Hardly anyone but Marxists nowadays retain hope in the anti-capitalist strivings and sentiments of the working people or believe that they can in time participate in a mighty movement oriented toward socialist objectives. For adhering to these convictions and being guided by them, we are looked upon as ideological and political fossils,ridiculous relics of a bygone era, dogmatists who cling to outworn views and cannot understand what is going on in front of our own eyes. Unfashionable as it may be, the Socialist Party offer substantial reasons for their adamant resistance to compromise and concessions. Our convictions are not an affirmation of religious-like faith. They are derived from a scientific conception of the course and motor forces of world history, a reasoned analysis of the decisive trends of our time, and an understanding of the mainsprings and the necessities of capitalist development. Marxism has clarified many perplexing problems in philosophy, sociology, history, economics, and politics. Its supreme achievement is the explanation it offers of the key role of the working class in history. Socialism is not inevitable. What has been termed its ‘inevitability’ consists in this, that only through socialism can human progress continue. But there is not and cannot be any absolute deterministic inevitability in human affairs, since man makes his own history and chooses what to do. What is determined is not his choice, but the conditions under which it is made, and the consequences when it is made. The meaning of scientific socialism is not that it tells us that socialism will come regardless, but that it explains to us where we stand, what course lies open to us, what is the road to a sustainable society.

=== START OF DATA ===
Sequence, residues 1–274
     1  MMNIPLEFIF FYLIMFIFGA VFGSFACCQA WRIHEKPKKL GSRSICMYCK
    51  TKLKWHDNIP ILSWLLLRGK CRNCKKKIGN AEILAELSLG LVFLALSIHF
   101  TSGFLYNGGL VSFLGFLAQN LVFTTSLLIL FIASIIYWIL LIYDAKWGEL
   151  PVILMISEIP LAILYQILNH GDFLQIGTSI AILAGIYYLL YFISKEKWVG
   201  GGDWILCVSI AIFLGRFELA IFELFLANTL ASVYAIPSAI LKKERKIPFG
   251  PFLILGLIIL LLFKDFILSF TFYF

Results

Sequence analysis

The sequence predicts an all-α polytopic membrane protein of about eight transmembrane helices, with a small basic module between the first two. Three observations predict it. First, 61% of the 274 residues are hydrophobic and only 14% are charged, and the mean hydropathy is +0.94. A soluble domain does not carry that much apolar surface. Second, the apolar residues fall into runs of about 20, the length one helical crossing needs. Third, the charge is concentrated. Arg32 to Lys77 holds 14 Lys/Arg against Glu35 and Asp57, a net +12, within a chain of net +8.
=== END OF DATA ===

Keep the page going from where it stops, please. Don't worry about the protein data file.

Nothing less is at stake than the destiny of civilization and with it the future of mankind. Those who deny any latent radicalism in the workers seldom appreciate what consequences logically flow from this negative position in the areas of most concern to them. If the working class cannot be counted on to dislodge the capitalists, who else can do that job? It would be exceedingly difficult to point out another social force or find a combination of components that could effectively act as a surrogate for the workers. The struggle against capitalist domination then looms as a lost cause and a socialist world becomes a Utopia. Some present a prognosis of catastrophe and apocalypse and emphasize the powerlessness of our fellow workers. Rather instil confidence many on the Left accept the supposed omnipotence of the ruling class and  succumb to sentiments of hopelessness and despair. Many of today’s left-wingers are far more impressed by the undeniable shortcomings of the labor movement than by any of its positive accomplishments. Sometimes they appear to deny it any progressive features, whatsoever, and retreat into the politics of identity and reformism, rather than class.  They dismiss the potential and latent strengths of the sheer existence of powerful union organizations which act as a shield against lowering wages and working conditions and check the aggressions of the employers in the class war. Many allege that the workers will never become a force ready, willing, and able to transform the world. Their ranks are so smugly and snugly integrated into the “consumer society” that they can have no compelling reasons to turn against it. It is out of the question for them to attain the political or ideological level of a revolutionary temper. The skeptics who suppose unlimited confidence in the longevity of capitalism rule out the possibility that the workers will be any more insurgent.